Facebook is moving to untangle its often bewildering array of privacy options as the social network struggles to contain the damage from a widening scandal over user data.
With CEO Mark Zuckerberg now poised to address the uproar on Capitol Hill, Facebook said Wednesday that it's redesigning the settings menu on mobile devices, consolidating privacy options in one place, rather than sending users to some 20 different screens.
The move, which Facebook said was in the works even before the Cambridge Analytica scandal shook the company and its stock price, is unlikely to put to rest the broader issue of user privacy. Nonetheless, it underscores a key concern of both Facebook and its investors: how to keep people from deleting their accounts over what many see as a betrayal of customers' trust.
The new Privacy Shortcuts menu, being rolled out in the coming weeks, will let people regulate the amount of personal information the social media giant keeps on them, like political preferences and interests, and delete things they've already shared. It will also let people manage the information the company uses to show ads.
Facebook has come under increasing pressure from Europe and the U.S. to address revelations that political consulting firm Cambridge Analytica, which worked with Donald Trump's presidential campaign, harvested data from about 50 million Facebook users as it built an election-consulting company that boasted it could sway voters in contests all over the world.
It has plunged Facebook into one of its worst crises of confidence in years. The stock has fallen 18 percent since the news was first revealed by the New York Times and The Observer of London earlier this month, wiping out almost $100 billion of market value. Facebook is no longer among the top five most valuable companies in the world and it delayed unveiling a new home speaker product to reevaluate how it uses data, according to people familiar with the matter. The stock dipped 0.2 percent early Wednesday to $151.94.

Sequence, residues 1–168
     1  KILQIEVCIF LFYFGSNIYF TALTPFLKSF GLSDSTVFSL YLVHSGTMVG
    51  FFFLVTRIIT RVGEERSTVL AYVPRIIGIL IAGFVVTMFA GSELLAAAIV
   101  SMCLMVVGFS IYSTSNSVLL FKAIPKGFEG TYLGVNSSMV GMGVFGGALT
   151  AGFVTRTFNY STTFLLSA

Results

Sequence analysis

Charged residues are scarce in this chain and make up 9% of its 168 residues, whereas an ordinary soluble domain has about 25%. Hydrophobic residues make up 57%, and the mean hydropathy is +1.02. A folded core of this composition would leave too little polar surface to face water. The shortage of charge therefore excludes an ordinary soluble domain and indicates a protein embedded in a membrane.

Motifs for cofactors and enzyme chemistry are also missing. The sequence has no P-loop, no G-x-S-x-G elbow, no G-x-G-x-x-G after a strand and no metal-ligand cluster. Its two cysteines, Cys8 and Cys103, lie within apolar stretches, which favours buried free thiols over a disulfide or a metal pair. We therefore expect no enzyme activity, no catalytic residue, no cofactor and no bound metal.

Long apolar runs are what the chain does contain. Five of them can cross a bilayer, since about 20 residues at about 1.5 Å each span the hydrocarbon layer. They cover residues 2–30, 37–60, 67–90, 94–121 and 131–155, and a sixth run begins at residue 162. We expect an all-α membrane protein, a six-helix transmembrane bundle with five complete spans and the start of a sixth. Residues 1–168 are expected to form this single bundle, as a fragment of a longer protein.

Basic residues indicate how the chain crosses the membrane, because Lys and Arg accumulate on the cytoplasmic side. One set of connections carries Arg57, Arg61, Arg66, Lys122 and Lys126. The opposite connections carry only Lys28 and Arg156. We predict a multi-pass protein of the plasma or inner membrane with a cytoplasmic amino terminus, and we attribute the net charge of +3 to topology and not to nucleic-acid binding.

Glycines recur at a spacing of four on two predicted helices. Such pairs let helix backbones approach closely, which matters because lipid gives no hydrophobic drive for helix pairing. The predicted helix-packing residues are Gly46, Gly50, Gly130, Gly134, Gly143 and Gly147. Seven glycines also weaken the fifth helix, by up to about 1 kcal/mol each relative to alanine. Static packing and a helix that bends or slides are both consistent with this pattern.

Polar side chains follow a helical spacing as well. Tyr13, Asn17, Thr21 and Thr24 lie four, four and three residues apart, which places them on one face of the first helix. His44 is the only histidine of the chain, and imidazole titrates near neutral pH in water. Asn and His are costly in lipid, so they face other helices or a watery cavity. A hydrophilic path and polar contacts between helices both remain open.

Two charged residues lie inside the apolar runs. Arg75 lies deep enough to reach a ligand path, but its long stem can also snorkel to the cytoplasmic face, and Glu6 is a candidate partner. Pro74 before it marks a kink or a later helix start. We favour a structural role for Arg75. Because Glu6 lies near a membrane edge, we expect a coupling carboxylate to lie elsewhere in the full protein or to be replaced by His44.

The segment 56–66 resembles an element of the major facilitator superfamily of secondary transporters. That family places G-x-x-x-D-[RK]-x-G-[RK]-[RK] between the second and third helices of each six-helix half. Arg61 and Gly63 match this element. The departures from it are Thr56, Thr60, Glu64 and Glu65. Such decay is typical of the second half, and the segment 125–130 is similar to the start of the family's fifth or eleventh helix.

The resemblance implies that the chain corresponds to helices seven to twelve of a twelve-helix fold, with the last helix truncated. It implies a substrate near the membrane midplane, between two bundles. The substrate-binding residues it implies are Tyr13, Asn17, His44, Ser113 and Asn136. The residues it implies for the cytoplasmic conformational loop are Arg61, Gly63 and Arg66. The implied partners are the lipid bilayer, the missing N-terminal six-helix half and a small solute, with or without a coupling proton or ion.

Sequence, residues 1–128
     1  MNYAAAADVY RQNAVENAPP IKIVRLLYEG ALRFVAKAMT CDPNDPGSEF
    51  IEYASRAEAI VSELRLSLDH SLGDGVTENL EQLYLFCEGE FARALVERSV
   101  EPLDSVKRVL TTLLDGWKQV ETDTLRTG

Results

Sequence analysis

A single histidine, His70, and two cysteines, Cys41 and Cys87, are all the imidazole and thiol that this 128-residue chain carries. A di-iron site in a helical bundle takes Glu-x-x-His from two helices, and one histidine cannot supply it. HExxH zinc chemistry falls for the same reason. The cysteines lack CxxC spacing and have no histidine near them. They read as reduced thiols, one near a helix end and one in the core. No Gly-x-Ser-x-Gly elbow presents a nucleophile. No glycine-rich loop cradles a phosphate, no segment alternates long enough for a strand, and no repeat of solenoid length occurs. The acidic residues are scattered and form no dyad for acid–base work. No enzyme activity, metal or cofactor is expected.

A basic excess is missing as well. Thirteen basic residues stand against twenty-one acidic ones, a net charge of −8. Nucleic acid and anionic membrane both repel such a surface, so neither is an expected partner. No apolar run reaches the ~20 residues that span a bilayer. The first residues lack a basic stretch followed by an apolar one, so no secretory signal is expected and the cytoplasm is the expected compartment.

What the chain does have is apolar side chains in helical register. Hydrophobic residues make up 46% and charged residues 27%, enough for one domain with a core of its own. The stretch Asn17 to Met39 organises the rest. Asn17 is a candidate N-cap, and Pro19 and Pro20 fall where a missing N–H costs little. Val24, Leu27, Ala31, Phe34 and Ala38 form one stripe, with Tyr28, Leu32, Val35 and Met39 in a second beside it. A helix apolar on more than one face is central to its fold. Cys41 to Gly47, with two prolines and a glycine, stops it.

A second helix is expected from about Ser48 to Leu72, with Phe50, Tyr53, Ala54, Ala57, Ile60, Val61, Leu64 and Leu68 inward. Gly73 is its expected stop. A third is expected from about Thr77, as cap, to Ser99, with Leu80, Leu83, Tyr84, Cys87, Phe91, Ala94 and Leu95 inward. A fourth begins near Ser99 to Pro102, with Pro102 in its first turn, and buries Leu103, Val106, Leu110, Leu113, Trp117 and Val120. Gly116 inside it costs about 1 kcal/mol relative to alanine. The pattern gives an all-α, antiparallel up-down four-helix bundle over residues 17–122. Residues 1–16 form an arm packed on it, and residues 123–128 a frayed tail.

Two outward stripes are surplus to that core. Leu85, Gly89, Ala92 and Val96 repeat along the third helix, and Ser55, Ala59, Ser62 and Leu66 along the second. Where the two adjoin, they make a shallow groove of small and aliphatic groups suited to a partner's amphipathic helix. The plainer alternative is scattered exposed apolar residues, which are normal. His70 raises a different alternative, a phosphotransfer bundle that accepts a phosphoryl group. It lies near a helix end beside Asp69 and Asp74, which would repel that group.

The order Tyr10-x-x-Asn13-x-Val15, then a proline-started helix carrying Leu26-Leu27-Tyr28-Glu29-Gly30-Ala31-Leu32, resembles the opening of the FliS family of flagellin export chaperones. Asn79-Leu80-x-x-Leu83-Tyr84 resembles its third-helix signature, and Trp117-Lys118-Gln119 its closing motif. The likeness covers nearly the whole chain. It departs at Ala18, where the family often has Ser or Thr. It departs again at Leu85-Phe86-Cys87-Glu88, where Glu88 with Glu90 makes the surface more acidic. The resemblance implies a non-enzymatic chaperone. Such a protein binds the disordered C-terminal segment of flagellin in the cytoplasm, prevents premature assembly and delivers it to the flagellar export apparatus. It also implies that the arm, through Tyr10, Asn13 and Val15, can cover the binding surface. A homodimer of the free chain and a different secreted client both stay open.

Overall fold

"Last week showed how much more work we need to do to enforce our policies and help people understand how Facebook works and the choices they have over their data," Facebook Chief Privacy Officer Erin Egan and Deputy General Counsel Ashlie Beringer wrote in a statement Wednesday, Most of the security page updates have been in the works for some time,"but the events of the past several days underscore their importance."
Zuckerberg last week apologized for the breach of trust and outlined concrete steps the company would take to better protect users. Facebook has produced multiple iterations to its privacy settings pages over the years, often in response to criticism that the system is too complicated for most people to understand what they are and aren't sharing.
Under the revamp, users still won't be able to delete data that they had given third-party apps on the platform previously, even if it was used for reasons other than what was agreed to. That data, generated over years of games and personality quizzes that had access to private information, is largely still stored outside of Facebook's grasp by the private individuals and companies that built those applications.
-- Bloomberg News